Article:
Kottke, J. L. (2000). Mathematical proficiency, statistics knowledge, attitudes toward statistics, and measurement course performance. The College Student Journal, 34, 334-347.

Larkin, J. H., & Chabay, R. W. (1992). Introduction. In J. H. Larking & R. W. Chabay (Eds.), Computer-assisted instruction and intelligent tutoring systems: Shared goals and complementary approaches (pp. 1-9). Hillsdale, NJ: Lawrence Erlbaum.

Levine, T., & Donitsa-Schmidt, S. (1998). Computer use, confidence, attitudes, and knowledge: A casual analysis. Computers in Human Behavior, 14, 125-146.

McMillan, J.H., Myran, S., & Workman, D. (2002). Elementary teachers' classroom assessment and grading practices. The Journal of Educational Research, 95, 203-213.

Mertler, C. A. (1999, October). Teachers" (mis)conceptions of classroom test validity and reliability. Paper presented at the meeting of the Mid-Western Educational Research Association, Chicago, IL.

Mertler, C. A. (2003, October). Preservice versus inservice teachers' assessment literacy: Does classroom experience make a difference? Paper presented at the meeting of the Mid-Western Educational Research Association, Columbus, OH.

Mertler, C. A., & Campbell, C. (2005, April). Measuring teachers' knowledge and application of classroom assessment concepts: Development of the assessment literacy inventory. Paper presented at the meeting of the American Educational Research Association, Montreal, Quebec, Canada.

Muller, D. J. (1974). Evaluation of instructional materials and prediction of student success in a self-instructional section of an educational measurement course. The Journal of Experimental Education, 42, 53-56.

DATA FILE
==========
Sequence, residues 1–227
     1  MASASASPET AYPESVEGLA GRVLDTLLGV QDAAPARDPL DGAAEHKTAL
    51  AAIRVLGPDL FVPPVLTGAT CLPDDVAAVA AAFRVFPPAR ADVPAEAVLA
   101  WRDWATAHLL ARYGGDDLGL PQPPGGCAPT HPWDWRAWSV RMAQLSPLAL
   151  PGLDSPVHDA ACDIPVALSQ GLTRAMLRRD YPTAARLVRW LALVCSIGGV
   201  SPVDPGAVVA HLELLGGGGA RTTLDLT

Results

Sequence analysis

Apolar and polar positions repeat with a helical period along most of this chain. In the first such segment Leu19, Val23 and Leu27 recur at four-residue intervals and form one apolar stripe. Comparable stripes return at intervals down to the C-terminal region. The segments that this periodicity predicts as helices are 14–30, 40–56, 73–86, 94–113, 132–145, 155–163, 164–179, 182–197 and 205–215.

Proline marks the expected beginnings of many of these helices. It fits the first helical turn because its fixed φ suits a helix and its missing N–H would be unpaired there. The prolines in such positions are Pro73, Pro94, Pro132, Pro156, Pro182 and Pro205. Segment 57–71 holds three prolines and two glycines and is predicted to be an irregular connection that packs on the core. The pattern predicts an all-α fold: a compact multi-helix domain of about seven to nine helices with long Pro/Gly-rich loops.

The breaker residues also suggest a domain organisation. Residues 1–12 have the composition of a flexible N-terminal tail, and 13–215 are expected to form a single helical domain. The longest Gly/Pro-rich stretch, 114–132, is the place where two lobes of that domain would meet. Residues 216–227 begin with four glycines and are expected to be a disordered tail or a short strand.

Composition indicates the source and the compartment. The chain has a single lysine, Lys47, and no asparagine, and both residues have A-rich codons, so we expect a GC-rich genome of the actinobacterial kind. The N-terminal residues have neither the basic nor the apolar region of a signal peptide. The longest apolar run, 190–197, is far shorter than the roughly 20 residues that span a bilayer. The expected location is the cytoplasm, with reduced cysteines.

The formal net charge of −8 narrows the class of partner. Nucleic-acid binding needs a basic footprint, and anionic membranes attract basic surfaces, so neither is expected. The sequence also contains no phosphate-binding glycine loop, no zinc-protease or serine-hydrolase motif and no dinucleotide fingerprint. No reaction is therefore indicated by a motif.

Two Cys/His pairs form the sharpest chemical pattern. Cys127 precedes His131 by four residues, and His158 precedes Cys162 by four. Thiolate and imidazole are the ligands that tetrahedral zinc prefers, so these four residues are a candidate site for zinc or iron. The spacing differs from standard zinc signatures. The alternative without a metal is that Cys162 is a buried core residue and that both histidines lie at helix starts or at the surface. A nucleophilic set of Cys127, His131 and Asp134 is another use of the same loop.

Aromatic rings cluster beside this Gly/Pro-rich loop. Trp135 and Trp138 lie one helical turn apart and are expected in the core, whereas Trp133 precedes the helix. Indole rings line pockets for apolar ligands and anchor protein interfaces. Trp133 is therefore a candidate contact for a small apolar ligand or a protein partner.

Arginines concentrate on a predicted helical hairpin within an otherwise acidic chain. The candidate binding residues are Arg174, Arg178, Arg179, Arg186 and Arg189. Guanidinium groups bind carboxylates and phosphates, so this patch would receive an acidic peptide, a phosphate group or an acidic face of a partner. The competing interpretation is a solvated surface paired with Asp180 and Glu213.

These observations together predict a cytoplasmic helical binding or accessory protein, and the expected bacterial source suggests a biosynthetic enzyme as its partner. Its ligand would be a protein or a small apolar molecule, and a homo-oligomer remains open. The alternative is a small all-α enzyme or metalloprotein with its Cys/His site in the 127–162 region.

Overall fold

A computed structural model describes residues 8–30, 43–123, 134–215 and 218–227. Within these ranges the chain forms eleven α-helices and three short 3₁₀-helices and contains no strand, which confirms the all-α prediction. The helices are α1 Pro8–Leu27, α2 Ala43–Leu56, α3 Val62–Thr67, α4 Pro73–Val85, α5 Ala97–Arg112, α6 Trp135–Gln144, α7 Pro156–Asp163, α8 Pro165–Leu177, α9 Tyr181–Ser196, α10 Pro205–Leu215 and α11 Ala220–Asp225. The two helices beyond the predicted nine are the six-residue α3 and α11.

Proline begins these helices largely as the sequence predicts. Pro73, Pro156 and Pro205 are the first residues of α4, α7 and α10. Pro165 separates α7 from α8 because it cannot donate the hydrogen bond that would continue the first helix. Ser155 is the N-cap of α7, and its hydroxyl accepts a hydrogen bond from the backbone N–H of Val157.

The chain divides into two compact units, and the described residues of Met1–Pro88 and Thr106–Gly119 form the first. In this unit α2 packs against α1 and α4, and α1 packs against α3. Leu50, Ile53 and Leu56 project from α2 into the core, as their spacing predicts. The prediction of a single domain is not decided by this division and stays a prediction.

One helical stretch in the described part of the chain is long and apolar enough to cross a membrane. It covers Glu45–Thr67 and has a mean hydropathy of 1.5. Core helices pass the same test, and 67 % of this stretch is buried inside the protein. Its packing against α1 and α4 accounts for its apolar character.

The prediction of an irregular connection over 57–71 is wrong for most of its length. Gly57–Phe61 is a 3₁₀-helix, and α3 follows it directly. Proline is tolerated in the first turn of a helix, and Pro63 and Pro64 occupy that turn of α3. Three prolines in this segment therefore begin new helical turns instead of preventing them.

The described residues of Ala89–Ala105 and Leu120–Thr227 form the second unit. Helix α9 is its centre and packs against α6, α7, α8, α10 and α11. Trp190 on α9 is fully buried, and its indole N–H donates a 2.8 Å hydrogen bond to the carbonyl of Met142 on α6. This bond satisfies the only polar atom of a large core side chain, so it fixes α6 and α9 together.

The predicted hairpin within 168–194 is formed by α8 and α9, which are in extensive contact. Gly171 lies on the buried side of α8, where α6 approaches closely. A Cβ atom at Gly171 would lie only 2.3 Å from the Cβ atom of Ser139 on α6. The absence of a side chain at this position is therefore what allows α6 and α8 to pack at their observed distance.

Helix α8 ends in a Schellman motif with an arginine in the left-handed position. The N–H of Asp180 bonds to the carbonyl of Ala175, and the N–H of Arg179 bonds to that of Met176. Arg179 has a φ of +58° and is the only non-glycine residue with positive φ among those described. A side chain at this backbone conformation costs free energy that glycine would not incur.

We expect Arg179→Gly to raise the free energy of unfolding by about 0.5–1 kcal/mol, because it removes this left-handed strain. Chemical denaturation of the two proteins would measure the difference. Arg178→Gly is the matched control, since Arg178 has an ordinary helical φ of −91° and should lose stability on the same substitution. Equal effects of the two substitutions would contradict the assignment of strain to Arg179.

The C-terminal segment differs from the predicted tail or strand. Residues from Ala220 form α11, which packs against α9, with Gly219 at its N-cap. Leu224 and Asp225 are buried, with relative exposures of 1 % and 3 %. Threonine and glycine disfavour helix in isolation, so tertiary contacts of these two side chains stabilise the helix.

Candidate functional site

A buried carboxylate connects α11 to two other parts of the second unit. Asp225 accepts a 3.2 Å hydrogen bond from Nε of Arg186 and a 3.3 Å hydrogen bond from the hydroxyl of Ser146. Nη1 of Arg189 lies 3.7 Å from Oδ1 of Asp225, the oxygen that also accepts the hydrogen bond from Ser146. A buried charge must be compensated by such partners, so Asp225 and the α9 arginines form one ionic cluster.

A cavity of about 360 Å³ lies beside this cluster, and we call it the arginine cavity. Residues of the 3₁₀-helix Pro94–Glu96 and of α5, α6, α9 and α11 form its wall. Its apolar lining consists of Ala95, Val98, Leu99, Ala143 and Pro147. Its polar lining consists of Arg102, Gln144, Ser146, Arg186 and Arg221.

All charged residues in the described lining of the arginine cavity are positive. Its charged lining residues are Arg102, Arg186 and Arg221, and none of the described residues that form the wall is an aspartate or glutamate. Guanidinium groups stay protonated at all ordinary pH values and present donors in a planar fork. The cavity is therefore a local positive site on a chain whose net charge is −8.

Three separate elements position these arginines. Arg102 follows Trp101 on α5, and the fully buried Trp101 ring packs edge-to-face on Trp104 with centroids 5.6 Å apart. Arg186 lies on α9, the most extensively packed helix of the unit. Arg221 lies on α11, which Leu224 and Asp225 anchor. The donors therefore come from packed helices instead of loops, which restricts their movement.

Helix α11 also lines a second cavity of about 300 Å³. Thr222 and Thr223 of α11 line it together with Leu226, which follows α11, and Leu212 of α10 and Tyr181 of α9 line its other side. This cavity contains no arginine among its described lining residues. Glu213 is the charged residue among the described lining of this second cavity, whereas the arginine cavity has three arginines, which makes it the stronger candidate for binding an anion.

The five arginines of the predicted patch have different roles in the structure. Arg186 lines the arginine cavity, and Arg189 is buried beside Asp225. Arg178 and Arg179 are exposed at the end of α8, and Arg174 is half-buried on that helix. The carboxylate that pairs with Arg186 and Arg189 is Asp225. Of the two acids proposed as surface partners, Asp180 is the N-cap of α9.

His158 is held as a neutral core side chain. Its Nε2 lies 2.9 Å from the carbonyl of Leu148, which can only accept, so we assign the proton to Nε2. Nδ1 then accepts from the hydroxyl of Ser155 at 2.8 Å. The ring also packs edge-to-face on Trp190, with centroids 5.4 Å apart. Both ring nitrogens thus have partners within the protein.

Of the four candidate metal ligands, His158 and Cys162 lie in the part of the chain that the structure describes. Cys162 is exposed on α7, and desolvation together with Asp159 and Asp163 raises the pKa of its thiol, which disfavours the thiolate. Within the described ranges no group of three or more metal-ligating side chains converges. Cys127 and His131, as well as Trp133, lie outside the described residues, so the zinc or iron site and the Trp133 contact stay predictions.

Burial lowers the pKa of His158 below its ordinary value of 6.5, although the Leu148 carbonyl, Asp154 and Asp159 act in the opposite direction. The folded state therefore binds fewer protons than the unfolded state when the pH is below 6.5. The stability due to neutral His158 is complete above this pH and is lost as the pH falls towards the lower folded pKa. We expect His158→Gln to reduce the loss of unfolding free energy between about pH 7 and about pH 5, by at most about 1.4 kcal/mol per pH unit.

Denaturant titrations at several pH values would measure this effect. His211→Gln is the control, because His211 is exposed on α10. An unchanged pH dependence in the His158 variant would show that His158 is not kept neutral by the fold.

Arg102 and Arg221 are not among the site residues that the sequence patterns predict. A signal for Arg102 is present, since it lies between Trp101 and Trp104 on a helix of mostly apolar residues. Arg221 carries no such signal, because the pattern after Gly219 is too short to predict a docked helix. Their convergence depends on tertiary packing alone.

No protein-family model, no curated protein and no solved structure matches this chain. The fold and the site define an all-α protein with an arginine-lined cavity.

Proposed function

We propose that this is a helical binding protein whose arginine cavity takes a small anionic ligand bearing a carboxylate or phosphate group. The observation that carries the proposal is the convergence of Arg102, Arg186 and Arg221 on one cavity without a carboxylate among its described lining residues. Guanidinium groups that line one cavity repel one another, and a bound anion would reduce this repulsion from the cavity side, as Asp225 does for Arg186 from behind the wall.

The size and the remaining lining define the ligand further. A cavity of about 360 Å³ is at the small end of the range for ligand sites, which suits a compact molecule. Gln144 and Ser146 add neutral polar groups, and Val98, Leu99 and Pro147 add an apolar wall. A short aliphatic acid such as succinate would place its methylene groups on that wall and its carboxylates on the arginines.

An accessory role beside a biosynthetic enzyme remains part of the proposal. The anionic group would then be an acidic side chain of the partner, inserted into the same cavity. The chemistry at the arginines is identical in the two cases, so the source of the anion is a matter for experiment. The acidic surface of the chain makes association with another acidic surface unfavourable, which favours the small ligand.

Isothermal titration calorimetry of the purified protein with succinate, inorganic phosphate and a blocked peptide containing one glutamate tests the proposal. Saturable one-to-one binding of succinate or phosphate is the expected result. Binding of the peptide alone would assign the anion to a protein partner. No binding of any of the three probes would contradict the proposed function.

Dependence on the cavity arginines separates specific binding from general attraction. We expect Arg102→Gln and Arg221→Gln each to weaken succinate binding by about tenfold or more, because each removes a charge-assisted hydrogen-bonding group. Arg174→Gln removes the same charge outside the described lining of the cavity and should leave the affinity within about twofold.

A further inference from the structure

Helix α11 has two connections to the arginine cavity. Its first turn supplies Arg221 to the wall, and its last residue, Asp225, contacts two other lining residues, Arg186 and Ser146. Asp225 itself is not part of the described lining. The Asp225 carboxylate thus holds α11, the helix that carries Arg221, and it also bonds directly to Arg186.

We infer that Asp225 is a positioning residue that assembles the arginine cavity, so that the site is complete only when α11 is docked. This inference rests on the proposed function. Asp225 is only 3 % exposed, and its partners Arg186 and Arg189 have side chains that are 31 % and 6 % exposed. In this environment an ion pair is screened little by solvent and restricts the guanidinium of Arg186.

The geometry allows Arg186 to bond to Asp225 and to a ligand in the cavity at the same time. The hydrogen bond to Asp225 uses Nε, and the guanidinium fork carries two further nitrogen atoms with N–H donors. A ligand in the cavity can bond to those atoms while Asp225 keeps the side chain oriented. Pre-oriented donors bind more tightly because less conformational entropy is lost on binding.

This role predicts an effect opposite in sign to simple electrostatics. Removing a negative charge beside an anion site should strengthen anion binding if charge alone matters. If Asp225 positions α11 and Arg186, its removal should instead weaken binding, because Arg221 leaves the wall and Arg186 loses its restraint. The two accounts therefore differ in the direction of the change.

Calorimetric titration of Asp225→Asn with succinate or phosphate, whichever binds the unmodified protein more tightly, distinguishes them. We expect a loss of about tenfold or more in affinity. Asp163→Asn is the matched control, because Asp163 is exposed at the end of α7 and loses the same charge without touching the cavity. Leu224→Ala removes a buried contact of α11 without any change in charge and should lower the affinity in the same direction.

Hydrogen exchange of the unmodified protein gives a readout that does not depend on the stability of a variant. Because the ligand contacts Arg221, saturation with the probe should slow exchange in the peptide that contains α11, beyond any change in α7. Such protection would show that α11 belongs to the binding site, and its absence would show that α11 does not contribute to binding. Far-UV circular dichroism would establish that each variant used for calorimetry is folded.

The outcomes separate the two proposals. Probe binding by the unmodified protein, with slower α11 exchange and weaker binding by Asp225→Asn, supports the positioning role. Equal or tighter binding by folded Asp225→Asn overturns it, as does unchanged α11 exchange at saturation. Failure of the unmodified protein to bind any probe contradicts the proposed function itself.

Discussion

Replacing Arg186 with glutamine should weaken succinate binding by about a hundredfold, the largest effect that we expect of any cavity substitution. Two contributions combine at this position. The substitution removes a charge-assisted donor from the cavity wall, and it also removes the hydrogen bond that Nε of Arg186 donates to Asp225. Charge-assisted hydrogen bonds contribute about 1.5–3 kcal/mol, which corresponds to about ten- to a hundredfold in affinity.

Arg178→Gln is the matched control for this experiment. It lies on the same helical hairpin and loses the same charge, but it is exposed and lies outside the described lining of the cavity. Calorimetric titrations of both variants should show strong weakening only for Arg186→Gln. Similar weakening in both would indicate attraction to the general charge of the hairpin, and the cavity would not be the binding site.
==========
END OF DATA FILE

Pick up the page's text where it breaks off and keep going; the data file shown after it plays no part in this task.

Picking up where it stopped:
O'Donnell, A. M., Hmelo-Silver, C., & Erkens, G. (Eds.). (2006). Collaborative learning, reasoning, and technology. Mahwah, NJ: Lawrence Erlbaum.

O'Sullivan, R. G., & Johnson, R. L. (1993, April). Using performance assessments to measure teachers' competence in classroom assessment. Paper presented at the meeting of the American Educational Research Association, Atlanta, GA.

Palincsar, A. S., & Herrernkohl, L. R. (2002). Designing collaborative learning contexts. Theory Into Practice, 61, 26-32.

Palloff, R.M., & Pratt, K. (1999). Building learning communities in cyberspace. San Francisco: Jossey-Bass

Pear, J. J., & Crone-Todd, D. E. (2002). A social constructivist approach to computer-mediated instruction. Computers and Education, 38, 221-23l.

Piburn, M. D., & Middleton, J. A. (1998). Patterns o f faculty and student conversation in Listerv and traditional journals in a program for preservice mathematics and science teachers. Journal of Research on Computing in Education, 31, 62-77.

Plake, B. S. (1993). Teacher assessment literacy: Teachers' competencies in the educational assessment of students. Mid-Western Educational Researcher, 6, 21-27.

Plake, B. S., & Impara, J. C. (1992). Teacher competencies questionnaire description. Lincoln, NE: University of Nebraska.

Popham, W. J. (2006). Needed: A dose of assessment literacy. Educational Leadership, 63, 84-85.

Reeves, P. M., & Reeves, T. C. (2008). Design considerations for online learning in health and social work education. Learning in Health and Social Care, 7, 46-58.

Rhodes, C. S. (1999, February). A transactional view of interactive online components. Proceedings of SITE99. A report produced for the International Conference of the Society for Information Technology and Teacher Education, San Antonio, TX.

Romero, C., Ventura, S., & Garcia, E. (2008). Data mining in course management systems: Moodle case study and tutorial. Computers and Education, 51, 368-384.